Steps to Create an LGBTQ+ Supportive Workplace

Ensure Policies are Fully Inclusive

The first key stage is to set-up policies that specifically outline your businesses position on LGBTQ+ rights. These can range from pensions to family and leave policies. You should make sure your policies explicitly mention LGBTQ+ people.

Enforce these Policies

Having the policy on its own isn’t enough. You need to ensure that you have clearly outlined what is and what isn’t acceptable behaviour. Procedures should be established to deal with people who violate these policies. Everybody must take any allegations of harassment or discrimination very seriously.

Provide Training

Although these policies are crucial for a business regardless of its size, the vast majority of people won’t sit down and read them. Training can help employees understand what the policies involve, why LGBTQ+ rights are so important and what their individual responsibility is. 

Create Networks

LGBTQ+ employee networks are powerful tools for workers to share experiences. They can create opportunities for mentoring and networking. They may even lead to company policy updates that positively impact entire businesses. Employees involvement in these kinds of networks should factor into any regular appraisals.

Encourage employees to come together and provide them with the facilities to make the process as simple as possible. In addition to a network for LBGTQ+ employees, you can encourage allies (heterosexual and cisgender people who support LGBTQ+ rights) to get involved and offer their support.

Maximise Communication

It is vital that you foster respectful communications between employees. You also need to effectively communicate your firm’s commitment to inclusiveness. From newsletters to presentations, this can be achieved through all of your communications. Also ensure that any images and examples you use are inclusive and do not perpetuate stereotypes.

Extend Benefits

Ensure that the specific wording of benefits such as life insurance never excludes same-sex partners. You should also provide support for the medical needs of transgender employees. Doing these things will truly highlight your workplace as LGTBQ+ friendly.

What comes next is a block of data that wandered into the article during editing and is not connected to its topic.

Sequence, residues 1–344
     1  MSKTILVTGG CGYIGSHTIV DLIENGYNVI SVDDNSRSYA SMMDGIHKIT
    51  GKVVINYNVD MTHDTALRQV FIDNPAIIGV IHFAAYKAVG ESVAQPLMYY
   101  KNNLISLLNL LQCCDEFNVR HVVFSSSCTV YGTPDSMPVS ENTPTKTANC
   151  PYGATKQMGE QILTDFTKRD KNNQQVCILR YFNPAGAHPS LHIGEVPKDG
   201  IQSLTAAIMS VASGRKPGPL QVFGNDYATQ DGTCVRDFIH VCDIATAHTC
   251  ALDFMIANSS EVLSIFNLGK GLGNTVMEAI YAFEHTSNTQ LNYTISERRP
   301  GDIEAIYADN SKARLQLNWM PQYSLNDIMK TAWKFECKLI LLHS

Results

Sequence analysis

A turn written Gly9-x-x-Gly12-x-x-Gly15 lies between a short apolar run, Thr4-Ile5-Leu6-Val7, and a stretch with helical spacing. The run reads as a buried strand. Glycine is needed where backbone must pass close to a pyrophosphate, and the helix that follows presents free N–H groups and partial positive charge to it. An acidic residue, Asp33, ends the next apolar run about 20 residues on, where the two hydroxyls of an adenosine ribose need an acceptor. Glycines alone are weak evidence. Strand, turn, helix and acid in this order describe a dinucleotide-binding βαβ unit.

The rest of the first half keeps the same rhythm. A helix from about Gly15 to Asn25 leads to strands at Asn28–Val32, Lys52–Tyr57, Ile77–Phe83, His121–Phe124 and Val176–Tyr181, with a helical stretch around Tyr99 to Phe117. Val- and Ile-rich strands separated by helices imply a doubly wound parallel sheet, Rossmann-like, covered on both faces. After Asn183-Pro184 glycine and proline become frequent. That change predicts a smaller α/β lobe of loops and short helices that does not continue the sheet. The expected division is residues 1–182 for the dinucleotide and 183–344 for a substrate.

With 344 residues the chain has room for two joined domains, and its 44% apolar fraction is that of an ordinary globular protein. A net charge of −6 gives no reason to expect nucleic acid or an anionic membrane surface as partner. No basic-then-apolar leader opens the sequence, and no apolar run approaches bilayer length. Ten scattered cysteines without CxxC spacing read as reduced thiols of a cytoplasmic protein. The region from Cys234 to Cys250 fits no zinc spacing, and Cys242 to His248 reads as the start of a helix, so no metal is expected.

Support Events

Pride parades and festivals are incredible opportunities to celebrate the LGBTQ+ community. Offering support at these events sends a clear message to your stakeholders about your views and the stances you want to take. This support can be shown year round through events such as National Coming Out Day in October.

Adapt and Evolve

This is perhaps the most crucial stage. The struggle for LGBTQ+ equality will not end anytime soon. Your practices and policies need to change with the times. Companies with a history of supporting the LGBTQ+ community are constantly updating their programs. The most effective way to do this is listening to your LGBTQ+ employees. Find out what is working and what other support they could be offered. So listen to them and change as necessary.

What Should I Do If I Experience Discrimination or Harassment on a Coople shift?

Every Coopler should feel safe and supported no matter where they are working. Coople is an equal opportunity employer and is dedicated to supporting diversity in the workplace. We take a hardline approach against any forms of harassment or discrimination on a shift. If you unfortunately suffer a negative experience, it’s important to report it to us as soon as possible.

You can do so via our Coople Incident Form or contacting our Customer Care Team directly. No-one should be made to feel uncomfortable because of who they are.


jack dobinson

Although there has been major progress in recent years, discrimination is alive and well. In addition, workplaces are not always as LGBTQ+ friendly as they could be. The good news is that it is relatively easy to make significant changes. Pick an area to start with and take action. A few small steps can make a big difference regardless of the size of your business.

Jack Dobinson
Marketing Executive